Brick Engstrom (right) connects his harness to a rope on a crane-like device Thursday morning that allows him, co-worker Colton Baucom and two other people to rappel down the 11-story State Office Building as they clean it with pressure washers. The first such cleaning in at least a decade, which began a week ago, is expected to take about another month. (Mark Sabbatini / Juneau Empire)

Brick Engstrom (right) connects his harness to a rope on a crane-like device Thursday morning that allows him, co-worker Colton Baucom and two other people to rappel down the 11-story State Office Building as they clean it with pressure washers. The first such cleaning in at least a decade, which began a week ago, is expected to take about another month. (Mark Sabbatini / Juneau Empire)

Rappelling the dirt and slime from the State Office Building

11-story bastion of bureaucracy getting first thorough exterior cleaning in at least a decade.

Dressed in all-weather gear and a harness, and carrying an extra-large bottle of diluted bleach attached to a pressure washer, Brick Engstrom clearly wasn’t on his way to a bureaucratic cubicle job when he stepped off the elevator on the top floor of the State Office Building on Thursday morning.

Rather, he and three co-workers are giving employees inside the building quite a view from the windows — and an increasingly clear one — by danging from ropes on the exterior walls as they give the 11-story downtown building what officials say is the first thorough cleaning in at least a decade. Engstrom said they began working on the building about a week ago and expect it will take about another month to complete the job.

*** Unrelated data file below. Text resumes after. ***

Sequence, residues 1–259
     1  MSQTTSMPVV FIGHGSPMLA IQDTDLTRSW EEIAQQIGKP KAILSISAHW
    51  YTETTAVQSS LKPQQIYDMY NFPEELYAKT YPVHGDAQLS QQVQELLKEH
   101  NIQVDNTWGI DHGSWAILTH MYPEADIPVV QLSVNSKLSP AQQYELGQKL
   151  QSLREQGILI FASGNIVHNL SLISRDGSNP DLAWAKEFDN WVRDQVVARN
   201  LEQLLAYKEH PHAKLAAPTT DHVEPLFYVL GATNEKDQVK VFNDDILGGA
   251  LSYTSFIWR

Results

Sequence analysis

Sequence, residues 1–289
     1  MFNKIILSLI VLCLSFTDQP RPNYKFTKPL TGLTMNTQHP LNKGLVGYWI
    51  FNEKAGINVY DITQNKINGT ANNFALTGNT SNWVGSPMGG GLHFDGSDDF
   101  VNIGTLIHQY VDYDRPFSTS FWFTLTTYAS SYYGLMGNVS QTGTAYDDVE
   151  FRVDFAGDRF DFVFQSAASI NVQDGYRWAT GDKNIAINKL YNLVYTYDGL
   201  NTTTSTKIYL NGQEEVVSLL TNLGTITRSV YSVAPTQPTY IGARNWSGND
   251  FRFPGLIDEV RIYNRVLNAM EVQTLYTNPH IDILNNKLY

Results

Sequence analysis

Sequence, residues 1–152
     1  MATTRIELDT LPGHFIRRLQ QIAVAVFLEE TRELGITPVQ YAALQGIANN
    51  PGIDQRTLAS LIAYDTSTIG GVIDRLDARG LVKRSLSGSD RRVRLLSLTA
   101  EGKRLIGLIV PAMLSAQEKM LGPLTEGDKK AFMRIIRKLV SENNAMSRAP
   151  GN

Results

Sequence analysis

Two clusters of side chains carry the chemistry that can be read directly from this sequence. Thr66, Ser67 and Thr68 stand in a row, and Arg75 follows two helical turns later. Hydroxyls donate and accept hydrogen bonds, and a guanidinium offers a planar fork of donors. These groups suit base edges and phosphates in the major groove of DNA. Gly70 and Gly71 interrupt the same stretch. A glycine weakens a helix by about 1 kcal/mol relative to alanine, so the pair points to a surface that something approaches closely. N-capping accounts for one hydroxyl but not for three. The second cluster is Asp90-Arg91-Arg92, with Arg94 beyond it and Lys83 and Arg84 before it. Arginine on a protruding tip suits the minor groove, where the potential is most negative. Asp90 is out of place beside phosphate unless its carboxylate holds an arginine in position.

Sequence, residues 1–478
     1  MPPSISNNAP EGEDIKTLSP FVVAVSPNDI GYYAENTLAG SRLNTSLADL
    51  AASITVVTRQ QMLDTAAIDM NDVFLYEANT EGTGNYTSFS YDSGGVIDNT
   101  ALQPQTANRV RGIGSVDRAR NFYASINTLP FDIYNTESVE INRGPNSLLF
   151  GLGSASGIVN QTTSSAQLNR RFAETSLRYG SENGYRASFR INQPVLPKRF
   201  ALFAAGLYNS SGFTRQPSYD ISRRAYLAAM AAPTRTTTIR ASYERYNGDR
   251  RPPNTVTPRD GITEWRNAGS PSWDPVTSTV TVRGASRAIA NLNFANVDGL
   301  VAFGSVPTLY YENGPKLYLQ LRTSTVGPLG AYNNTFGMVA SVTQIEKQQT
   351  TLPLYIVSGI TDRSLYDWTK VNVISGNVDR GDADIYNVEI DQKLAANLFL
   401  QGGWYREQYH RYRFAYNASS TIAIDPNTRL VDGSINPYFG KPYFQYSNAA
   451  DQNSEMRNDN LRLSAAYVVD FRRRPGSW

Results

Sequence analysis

“Each section of about 50 feet, from top to bottom, takes a couple of hours,” he said, preparing to connect his harness to a crane-like device that allows the workers to rappel down the building as they clean.

Photos taken before (top) and after (bottom) cleaning portions of the State Office Building reveal the extent of organic material that has accumulated on the exterior during at least the past decade. (Photos courtesy of Bill Campbell / Alaska Division of Facilities Services)

Photos taken before (top) and after (bottom) cleaning portions of the State Office Building reveal the extent of organic material that has accumulated on the exterior during at least the past decade. (Photos courtesy of Bill Campbell / Alaska Division of Facilities Services)

An increasingly noticeable amount of “green slime” from organic matter such as moss and algae has accumulated on the exterior of the building over the years, said Bill Campbell, Southeast region hub manager for the state Division of Facilities Services, who has watched the buildup over nearly a decade on the job.

“I just couldn’t take it anymore,” he said, noting there have been discussions in past years about how to do the cleaning and its cost. “It’s good for the community. It’s good for the building. We’re just trying to class up Juneau a little bit at a time as we can. That was a big one for me.”

The exterior windows of the building are washed regularly by the same company now doing the more vigorous cleaning, but the panels making up much of the rest of the exterior “a little bit porous on the surface,” Campbell said.